Punishing the Iowa students in this KKK-themed photo may result in legal battle, according to law professor

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CRESTON, Iowa-- Several Creston High School students were disciplined Wednesday after this picture surfaced, of the five boys wearing Ku Klux Klan hoods beside a burning cross.

But while the picture may be offensive, it's the school district's response that some are saying went too far.

Wednesday morning, school officials quickly launched an investigation to identify the students in this picture. They did, and the students were suspended.

But Drake University Law Professor Mark Kende says that response poses a free speech problem, legally.

Under the U.S. Constitution, hate speech is legal and it's protected.

In Iowa, hate speech doesn't rise to a criminal offense unless it's specifically targeting someone, which doesn't appear to be the case.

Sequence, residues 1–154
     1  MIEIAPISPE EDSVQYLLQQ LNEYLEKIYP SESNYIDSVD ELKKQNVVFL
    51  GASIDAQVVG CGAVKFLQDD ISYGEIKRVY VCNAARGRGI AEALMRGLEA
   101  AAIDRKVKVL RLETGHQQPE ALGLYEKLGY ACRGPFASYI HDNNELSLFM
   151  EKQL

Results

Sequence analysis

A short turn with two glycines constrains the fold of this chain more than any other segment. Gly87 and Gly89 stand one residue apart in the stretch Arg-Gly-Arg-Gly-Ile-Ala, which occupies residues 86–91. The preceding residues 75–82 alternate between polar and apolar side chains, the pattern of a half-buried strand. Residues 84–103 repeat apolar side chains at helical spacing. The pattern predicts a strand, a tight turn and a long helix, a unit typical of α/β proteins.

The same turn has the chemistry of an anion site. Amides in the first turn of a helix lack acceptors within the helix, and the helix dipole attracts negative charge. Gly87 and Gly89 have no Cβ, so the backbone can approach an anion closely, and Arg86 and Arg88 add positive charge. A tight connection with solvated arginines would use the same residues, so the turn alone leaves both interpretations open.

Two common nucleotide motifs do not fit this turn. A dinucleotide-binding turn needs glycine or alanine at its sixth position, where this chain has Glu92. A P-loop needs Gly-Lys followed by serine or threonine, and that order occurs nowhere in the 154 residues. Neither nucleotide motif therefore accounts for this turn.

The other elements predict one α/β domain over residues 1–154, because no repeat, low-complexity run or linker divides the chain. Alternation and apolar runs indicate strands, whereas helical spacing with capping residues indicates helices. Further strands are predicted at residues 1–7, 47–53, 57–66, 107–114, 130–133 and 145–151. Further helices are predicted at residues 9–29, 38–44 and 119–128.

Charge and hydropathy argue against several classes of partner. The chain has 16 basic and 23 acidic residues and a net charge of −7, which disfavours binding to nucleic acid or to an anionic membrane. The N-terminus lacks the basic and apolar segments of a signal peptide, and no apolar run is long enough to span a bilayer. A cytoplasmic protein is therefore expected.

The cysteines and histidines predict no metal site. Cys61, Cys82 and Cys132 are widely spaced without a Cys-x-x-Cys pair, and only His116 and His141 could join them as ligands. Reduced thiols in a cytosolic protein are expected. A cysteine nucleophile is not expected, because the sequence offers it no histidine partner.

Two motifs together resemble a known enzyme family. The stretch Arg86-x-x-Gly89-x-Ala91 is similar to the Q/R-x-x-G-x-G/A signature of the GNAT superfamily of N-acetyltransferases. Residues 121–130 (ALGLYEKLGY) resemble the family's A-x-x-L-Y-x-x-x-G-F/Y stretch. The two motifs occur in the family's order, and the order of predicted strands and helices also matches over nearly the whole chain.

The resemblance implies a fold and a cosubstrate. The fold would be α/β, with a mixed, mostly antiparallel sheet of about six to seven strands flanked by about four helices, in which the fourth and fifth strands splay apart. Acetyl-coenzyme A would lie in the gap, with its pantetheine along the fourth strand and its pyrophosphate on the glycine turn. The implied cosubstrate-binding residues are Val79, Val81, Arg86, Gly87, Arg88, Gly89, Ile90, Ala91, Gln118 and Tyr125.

Only seven black students attend Creston High School. For them, the damage is already done.

Sophomore Austin Bloyd says that after seeing this picture, he "felt like I had to look out a little more with my surroundings and the kind of people I surround myself with." Yesterday, he says he left school early because he was so viscerally upset.

"It's not black or white, red or yellow," Creston Principal Bill Messorole says. "It's not generational. It's bad for every generation."

Messorole says that while the school is made up of just 11% minority students, the majority of the community believes there is just one right side in this issue.

The names of the students in the photo aren't being released, but all five were on the football team.

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